Here are the answers to exam 2. For some of the questions, I have provided explanatory material in regular type, and the answer in bold; all you need to write down is the answer. If you don't understand why your answer was wrong, you may e-mail me, talk to me before or after class, or set up a time to talk to me in my office. The exam is worth 25% of your grade for the class.
1. One measurement variable, penis length; two nominal variables, food type and mother; each mother is nested within one food type: nested anova
2. One measurement variable, flying time; two nominal variables, plugged vs. unplugged and the identity of the individual pigeons (since you have two observations per pigeon): paired t-test or two-way anova, no replication
3. Partitioning the variance helps you decide how to allocate your effort in the big experiment, for example it will help you decide whether to have more rabbits and fewer liver samples per rabbit.
4. One measurement variable, number of food pellets eaten; one nominal variable, joint vs. brownie vs. control; one-way anova. Note that you only have one observation per pigeon, so pigeon is not a nominal variable, and this is not a nested anova.
5. One measurement variable, grip strength; two nominal variables, right vs. left and person (because you have multiple observations per person); each person is found in combination with right and with left: two-way anova with replication. Note that you have three observations for each person-hand combination, so it's not a paired t-test or two-way anova without replication.
6. One measurement variable, jumping height; two nominal variables, dog breed and castrated vs. uncastrated; each dog breed is found in combination with castrated and with uncastrated; multiple dogs for each breed/castration combination: two-way anova with replication. Note that I randomize the order of questions after I write them, so it can happen that the same answer appears twice in a row, as it did here.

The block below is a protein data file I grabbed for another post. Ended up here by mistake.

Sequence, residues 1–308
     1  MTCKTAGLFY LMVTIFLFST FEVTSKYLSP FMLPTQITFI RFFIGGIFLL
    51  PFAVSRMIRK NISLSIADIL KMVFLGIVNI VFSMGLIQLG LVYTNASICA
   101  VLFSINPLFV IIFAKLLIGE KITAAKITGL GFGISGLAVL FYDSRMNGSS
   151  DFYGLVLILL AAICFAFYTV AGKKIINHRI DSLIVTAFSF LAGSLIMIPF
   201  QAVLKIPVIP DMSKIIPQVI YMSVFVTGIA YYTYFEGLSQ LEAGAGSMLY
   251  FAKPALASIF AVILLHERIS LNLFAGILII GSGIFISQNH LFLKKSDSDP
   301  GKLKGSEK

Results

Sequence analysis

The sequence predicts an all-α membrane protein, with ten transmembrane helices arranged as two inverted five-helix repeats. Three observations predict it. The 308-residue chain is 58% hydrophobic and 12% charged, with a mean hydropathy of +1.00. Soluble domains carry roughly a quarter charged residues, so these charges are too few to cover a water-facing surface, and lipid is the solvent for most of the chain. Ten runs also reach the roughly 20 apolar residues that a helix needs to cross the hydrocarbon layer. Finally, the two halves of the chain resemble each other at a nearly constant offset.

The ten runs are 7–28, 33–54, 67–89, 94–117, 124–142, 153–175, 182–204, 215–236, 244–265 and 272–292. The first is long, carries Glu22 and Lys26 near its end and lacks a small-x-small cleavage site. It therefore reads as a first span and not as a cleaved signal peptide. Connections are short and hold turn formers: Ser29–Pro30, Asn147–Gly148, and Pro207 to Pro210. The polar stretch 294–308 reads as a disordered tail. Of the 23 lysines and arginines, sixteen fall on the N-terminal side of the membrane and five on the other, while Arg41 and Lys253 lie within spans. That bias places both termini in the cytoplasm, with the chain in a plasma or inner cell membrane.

7. You should try transformations and try to find one that makes the data look more normal. Note that if you said you would just use one specific transformation, such as the log transformation, you got a little off; you would need to try different transformations.
8. The unbalanced design is bad because if your data have heteroscedasticity, the combination of heteroscedasticity and an unbalanced design could increase your chance of a false positive.. Remember that an unbalanced design doesn't cause heteroscedasticity.
9. One measurement variable, balance time; two nominal variables, point stared at, and person (since you have multiple observations per person); each person is found in combination with each point stared at; just one observation per person/point combination: two-way anova without replication.
10. Three nominal variables, professor, asleep vs. awake, day: Cochran-Mantel-Haenszel test.
11. You are given effect size (0.1 m/s) and alpha (0.05), so you need beta (or power) and standard deviation.
12. The larger standard deviation for A. vulgare means there's more variation of individual observations around the mean for A. vulgare than for A. nasatum.
13. Two measurement variables, humidity and time rolled up; linear regression/correlation. Humidity is a measurement variable because there are 10 different values.
14. One measurement variable, arsenic content; two nominal variables, species and location; multiple individuals of each species found at each location: Two-way anova with replication
15. Two nominal variables, lure type and fish species; total sample size greater than 1000 (about 800 fish for each of 4 lures): Chi-square test of independence or G-test of independence
16. One measurement variable, moisture content; two nominal variables, person and before vs. after, each person has one measurement for before and after: Paired t-test ortwo-way anova, without replication
17. One measurement variable, weight; two nominal variables, person and date; each person is weighed once on each date: two-way anova without replication.
18. One ranked variable, relative color of urine; one measurement variable, food: Kruskal-Wallis test
19. The effect of caffeine on crawling speed was different on different days. Note that the significant interaction does not tell you that caffeine affects speed, or that day affects speed, or that caffeine affects day. Also note that saying that a significant interaction term tells you that there's an interaction was not enough, you had to explain what "interaction" means.
20. With 10 breeds of chicken, there are a lot of pairwise comparisons, so comparing the highest and lowest means has a strong chance of giving a false positive if the null is true. You should have done a one-way anova, followed by the Tukey-Kramer test..
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